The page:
Circuit + Transistor Help Please

Discussion in 'General Electronics Chat' started by asdff1818, Dec 7, 2009.

  1. asdff1818

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    Dec 7, 2009
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  2. beenthere

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  3. asdff1818

    Thread Starter Member

    Dec 7, 2009
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    Thank you for your response! I kind of understand about the transistors, but how does the circuit work?

    Thank You!!!!
     
  4. SgtWookie

    Expert

    Jul 17, 2007
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    It's basically just an oscillator circuit.

    See the attached.

    "Rbody" will change (decrease) when a person perspires (sweats). Usually, if someone's lying, they'll start to perspire, so the resistance of the skin will go down.

    This causes the oscillator to increase in output frequency.
     
  5. asdff1818

    Thread Starter Member

    Dec 7, 2009
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    Thank you! But I still don't understand how the circuit works. Please Help.


    Thank You!!!!
     
  6. asdff1818

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    Dec 7, 2009
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    And what is the difference between that circuit and just a ohm meter directly?

    Thank You!!!!
     
  7. SgtWookie

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    R1 and Rbody conduct a very small amount of current which charges the lower side of C1 to be more positive, until the base of Q1 rises above about 0.63v via R2. When that happens, Q1 turns on, and pulls the base of Q2 low, which charges the high side of C1 causing Q1 to momentarily turn fully on. At the same time, the voltage across SPK1 rises sharply.

    As C1 is discharged via R2 through the base of Q1, Q1's base current drops off, turning Q1 off. This turns off Q2, and the voltage on the speaker is removed. C1 then starts charging up again via R1 and Rbody, and the cycle repeats.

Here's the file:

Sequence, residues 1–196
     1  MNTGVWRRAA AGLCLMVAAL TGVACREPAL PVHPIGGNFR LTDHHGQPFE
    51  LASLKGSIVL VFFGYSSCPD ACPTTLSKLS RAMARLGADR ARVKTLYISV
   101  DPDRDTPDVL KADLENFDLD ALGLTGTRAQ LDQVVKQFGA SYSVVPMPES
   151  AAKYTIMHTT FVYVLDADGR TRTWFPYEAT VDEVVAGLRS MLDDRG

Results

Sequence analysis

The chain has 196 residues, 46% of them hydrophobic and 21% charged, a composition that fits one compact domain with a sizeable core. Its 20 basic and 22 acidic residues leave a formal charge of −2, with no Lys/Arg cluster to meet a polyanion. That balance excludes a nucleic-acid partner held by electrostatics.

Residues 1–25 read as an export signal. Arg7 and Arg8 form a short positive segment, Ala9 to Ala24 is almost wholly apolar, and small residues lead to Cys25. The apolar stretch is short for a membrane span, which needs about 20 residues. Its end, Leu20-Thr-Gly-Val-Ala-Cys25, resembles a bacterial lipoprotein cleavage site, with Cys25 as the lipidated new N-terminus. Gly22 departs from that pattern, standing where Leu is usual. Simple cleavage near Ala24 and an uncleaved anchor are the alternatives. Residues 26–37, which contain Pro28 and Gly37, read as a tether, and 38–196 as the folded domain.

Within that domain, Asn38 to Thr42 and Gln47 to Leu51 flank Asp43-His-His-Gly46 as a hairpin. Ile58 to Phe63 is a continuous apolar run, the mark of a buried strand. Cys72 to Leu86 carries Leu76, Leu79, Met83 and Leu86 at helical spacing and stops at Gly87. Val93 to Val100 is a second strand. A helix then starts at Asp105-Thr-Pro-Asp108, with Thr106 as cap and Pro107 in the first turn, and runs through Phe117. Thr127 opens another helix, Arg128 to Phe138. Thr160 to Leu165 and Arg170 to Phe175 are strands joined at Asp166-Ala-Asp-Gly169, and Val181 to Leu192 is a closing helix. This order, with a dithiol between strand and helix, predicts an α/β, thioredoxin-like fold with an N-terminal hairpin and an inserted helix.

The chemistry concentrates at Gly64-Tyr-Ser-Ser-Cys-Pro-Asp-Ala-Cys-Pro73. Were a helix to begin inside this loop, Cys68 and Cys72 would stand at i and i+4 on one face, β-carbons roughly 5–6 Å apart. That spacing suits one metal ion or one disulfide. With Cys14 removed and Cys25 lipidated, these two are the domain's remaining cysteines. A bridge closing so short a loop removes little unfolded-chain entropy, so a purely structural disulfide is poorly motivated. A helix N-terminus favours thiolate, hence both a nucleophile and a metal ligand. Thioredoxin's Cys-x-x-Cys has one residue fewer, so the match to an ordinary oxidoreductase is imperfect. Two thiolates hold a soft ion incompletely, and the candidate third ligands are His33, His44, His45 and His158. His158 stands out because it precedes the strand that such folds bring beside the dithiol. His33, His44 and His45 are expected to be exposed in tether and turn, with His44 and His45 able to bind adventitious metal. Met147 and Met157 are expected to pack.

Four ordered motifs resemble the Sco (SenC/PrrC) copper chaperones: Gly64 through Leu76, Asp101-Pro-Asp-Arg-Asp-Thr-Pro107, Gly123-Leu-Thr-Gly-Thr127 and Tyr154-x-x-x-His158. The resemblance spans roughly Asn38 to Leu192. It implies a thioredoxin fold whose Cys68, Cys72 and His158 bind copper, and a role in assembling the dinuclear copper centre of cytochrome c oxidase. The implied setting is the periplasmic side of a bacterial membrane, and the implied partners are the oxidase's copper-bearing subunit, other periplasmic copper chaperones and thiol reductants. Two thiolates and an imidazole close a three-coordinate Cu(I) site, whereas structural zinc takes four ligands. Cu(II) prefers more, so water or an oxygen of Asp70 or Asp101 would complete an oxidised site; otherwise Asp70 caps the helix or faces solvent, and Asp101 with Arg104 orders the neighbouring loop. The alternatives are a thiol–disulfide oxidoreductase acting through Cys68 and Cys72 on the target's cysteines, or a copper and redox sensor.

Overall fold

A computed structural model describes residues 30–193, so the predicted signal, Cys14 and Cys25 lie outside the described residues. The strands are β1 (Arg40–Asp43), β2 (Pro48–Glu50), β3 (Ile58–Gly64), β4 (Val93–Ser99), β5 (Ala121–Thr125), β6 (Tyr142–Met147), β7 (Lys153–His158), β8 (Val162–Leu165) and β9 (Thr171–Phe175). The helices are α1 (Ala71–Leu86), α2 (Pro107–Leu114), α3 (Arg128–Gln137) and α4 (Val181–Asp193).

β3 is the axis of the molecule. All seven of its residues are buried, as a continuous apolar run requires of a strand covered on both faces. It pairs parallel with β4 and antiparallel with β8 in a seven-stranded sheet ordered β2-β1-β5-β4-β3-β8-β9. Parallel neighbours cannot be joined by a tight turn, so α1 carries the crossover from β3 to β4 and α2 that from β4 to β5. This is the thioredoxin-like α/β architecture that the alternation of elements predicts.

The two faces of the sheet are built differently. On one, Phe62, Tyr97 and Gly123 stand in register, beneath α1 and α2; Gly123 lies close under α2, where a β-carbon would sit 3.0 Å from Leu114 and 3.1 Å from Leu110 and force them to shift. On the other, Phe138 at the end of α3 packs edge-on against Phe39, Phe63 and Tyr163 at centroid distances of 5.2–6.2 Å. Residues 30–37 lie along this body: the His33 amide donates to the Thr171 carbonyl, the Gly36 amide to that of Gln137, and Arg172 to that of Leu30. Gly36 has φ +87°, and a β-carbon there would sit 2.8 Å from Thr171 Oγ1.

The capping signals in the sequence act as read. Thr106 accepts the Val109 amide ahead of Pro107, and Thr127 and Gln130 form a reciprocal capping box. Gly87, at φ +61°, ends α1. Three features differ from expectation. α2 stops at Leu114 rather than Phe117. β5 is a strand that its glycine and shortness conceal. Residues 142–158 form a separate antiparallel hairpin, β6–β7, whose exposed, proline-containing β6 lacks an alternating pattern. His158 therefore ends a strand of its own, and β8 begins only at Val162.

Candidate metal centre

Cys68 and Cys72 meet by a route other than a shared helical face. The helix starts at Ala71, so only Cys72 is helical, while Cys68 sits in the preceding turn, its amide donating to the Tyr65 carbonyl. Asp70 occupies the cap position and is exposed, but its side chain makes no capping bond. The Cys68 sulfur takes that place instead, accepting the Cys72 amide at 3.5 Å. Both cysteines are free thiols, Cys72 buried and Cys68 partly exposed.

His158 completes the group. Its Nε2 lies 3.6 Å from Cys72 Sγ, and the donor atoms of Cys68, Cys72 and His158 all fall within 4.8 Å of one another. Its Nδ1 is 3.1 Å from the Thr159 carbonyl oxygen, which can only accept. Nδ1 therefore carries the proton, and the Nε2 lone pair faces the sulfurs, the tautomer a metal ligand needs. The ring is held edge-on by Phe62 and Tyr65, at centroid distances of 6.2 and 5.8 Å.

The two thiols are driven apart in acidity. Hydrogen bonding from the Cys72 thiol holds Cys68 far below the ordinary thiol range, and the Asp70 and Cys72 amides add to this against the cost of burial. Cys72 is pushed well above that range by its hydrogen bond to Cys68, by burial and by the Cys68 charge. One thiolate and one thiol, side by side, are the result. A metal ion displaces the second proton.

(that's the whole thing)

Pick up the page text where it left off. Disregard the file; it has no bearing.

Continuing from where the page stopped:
8. SgtWookie

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    The circuit produces a sound that varies in frequency depending upon the resistance. It does not display the resistance.

    An Ohmmeter simply displays the resistance in Ohms, either with a needle or a digital display, depending upon the type of meter.
     
  9. asdff1818

    Thread Starter Member

    Dec 7, 2009
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    But if I wanted to measure it quantitatively, what would be the difference between that circuit, but instead of using the speaker, using a resistor + a ohm meter and just using an ohm meter directly?
     
  10. SgtWookie

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    An Ohmmeter would likely give a more accurate indication, as it is calibrated.

    You could use a frequency counter on the output of the oscillator to get relative indications, but not absolutes. The circuit is not calibrated.
     
  11. asdff1818

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    Dec 7, 2009
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    So is there a way to get even more accurate results than the ohm meter? How accurate would it be?

    Thank You!!!!
     
  12. SgtWookie

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    I don't know. I am not a medical person.
     
  13. asdff1818

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    Dec 7, 2009
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    Since I am doing this as part of my science fair, how can I make this more complex? I am going to talk about the nervous system which is complex but how can I make the circuit more complex (and useful).

    Thank You!!!!
     
  14. t06afre

    AAC Fanatic!

    May 11, 2009
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    You need a some sort of data logging system that can measure skin conductance as a function of time. In your other thread about this topic you said things was to complicated. But now you want a more advanced circuit?
     
  15. asdff1818

    Thread Starter Member

    Dec 7, 2009
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    More complicated than only the ohm meter, and less complicated than the advanced circuit.
     
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